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United Airlines settles EEOC religious discrimination lawsuit

Posted On: Nov. 9, 2022 10:42 AM CST


United Airlines Inc. will pay $305,000 to settle a religious discrimination lawsuit filed by the U.S. Equal Employment Opportunity Commission on behalf of a Buddhist pilot who refused to attend Alcoholics Anonymous because of its program’s religious content, the agency said Tuesday.

The EEOC said the pilot had been diagnosed with alcohol dependency and lost the medical certificate issued to him by the Federal Aviation Administration.

One of the requirements of United’s substance abuse treatment program for pilots with such problems who want to obtain new FAA medical certificates is that they regularly attend AA.

According to the lawsuit filed by the EEOC in U.S. District Court in Newark, New Jersey, United’s program requires that participants complete at least the first five steps of AA’s 12-step program, three of which require acknowledging “a Power greater than ourselves” and “God.”

It said all of the AA meetings near the pilot were held in churches and began with a prayer, with its conception of God based on a monotheistic belief in God as a supreme being.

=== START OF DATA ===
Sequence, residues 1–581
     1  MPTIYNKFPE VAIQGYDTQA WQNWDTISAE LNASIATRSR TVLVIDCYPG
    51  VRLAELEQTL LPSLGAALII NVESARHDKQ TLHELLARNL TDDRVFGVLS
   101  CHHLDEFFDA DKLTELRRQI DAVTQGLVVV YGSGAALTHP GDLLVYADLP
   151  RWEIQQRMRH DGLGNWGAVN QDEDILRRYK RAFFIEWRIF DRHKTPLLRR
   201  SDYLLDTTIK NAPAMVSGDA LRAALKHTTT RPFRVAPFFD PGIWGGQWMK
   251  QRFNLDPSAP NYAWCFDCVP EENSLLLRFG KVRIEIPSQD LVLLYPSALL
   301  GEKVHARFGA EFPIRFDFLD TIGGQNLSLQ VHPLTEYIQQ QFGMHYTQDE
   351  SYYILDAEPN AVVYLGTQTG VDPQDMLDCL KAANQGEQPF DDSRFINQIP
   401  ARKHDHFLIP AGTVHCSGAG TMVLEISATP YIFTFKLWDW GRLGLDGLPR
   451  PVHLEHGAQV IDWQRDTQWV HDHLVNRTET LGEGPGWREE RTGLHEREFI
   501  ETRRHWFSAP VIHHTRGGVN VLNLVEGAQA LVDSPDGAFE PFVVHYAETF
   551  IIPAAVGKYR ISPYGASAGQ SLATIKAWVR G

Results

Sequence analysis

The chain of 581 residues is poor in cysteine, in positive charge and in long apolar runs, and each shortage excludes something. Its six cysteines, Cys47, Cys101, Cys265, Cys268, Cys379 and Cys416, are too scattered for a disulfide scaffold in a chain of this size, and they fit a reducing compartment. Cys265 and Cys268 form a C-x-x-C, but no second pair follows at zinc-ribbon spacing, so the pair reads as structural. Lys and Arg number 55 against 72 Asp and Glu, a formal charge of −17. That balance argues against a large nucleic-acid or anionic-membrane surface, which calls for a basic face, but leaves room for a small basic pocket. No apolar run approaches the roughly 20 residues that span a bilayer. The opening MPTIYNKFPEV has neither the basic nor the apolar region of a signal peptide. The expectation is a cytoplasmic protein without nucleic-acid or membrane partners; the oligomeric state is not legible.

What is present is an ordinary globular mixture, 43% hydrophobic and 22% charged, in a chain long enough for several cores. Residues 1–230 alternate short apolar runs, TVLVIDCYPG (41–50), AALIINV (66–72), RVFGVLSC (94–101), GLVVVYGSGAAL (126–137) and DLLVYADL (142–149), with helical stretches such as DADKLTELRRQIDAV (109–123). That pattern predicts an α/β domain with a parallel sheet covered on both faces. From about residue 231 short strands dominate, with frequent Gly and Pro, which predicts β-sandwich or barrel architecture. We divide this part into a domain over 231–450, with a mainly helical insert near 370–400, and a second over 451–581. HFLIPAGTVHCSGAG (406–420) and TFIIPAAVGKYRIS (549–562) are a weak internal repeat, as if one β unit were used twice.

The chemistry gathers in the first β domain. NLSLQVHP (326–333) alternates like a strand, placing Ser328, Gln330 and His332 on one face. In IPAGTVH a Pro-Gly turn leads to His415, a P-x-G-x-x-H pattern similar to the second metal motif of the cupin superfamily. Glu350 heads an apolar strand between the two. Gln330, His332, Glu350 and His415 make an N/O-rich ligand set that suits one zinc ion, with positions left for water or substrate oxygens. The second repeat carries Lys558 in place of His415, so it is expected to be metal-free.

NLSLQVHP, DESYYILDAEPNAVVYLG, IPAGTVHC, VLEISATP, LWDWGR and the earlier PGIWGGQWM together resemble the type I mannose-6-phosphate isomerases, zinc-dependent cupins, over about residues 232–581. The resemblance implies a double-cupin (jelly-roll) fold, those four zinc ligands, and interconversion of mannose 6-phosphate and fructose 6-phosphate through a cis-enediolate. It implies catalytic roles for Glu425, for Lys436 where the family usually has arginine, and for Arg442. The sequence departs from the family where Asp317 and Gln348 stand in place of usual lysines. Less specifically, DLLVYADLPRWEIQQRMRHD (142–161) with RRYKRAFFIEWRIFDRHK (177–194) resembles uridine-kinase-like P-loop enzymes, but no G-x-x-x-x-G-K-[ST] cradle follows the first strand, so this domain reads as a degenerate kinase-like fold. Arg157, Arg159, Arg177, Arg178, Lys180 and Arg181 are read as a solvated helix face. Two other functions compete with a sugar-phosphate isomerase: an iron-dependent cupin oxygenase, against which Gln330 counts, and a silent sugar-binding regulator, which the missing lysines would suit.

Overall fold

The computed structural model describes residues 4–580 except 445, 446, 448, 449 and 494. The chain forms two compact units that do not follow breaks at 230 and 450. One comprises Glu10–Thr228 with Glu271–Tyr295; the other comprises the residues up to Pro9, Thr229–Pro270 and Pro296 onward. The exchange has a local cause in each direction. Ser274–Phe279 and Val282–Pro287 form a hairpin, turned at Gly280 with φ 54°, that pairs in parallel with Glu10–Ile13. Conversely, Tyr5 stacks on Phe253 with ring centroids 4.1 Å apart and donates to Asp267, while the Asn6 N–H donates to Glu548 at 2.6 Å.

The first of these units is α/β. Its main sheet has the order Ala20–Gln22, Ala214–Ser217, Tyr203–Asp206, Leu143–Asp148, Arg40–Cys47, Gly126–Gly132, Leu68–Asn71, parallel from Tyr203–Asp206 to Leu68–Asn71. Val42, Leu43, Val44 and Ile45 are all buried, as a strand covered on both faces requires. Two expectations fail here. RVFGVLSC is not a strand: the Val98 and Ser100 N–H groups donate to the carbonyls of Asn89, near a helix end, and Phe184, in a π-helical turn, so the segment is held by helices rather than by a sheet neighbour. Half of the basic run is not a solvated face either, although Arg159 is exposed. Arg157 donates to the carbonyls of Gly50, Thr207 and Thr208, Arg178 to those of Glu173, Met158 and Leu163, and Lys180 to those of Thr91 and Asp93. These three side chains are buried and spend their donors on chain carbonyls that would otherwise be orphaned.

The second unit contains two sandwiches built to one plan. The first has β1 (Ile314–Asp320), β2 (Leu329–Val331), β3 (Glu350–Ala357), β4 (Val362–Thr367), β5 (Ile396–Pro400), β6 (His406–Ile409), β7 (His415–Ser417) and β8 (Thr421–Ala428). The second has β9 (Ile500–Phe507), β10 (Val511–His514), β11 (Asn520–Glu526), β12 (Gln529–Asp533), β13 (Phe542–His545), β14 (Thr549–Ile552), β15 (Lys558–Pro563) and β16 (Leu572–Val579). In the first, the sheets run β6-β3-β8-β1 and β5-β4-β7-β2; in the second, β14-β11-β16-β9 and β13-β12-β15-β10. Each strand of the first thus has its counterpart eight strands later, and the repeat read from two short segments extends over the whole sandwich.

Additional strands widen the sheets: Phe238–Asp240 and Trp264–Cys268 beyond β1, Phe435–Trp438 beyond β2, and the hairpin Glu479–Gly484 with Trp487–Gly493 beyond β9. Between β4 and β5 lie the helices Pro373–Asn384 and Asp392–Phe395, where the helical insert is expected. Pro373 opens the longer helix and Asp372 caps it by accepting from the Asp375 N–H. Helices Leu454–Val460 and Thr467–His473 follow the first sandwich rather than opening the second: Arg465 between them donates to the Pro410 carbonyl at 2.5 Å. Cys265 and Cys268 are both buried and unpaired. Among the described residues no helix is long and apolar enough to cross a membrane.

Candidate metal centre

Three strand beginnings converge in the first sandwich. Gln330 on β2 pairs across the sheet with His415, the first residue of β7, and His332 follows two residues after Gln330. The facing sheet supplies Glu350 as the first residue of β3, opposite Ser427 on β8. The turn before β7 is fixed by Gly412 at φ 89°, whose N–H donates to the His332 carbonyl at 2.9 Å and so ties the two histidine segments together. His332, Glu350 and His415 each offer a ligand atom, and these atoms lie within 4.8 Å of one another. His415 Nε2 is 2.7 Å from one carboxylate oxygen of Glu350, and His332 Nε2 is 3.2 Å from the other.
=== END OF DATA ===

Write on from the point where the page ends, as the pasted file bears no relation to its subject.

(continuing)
The EEOC said the pilot objected to AA’s religious content and sought to substitute regular attendance at a Buddhism-based peer support group.

The agency said United refused to accommodate his religious objection, and as a result he was unable to obtain a new FAA medical certificate in order to fly again.

The airline was charged with violating Title VII of the Civil Rights Act of 1964, under which employers must make a reasonable accommodation for an employee’s sincerely held religious beliefs, so long as doing so does not impose an undue hardship on the employer’s business, the EEOC said.

Under terms of the consent decree that resolves the lawsuit, United will pay the pilot $305,000 in back pay and damages and reinstate him into its substance abuse treatment program while allowing him to attend a non-12 step peer recovery program. 

The company also agreed to accept religious accommodation requests in its treatment program, institute a new religious accommodation policy and train its employees.

United Airlines did not respond to a request for comment.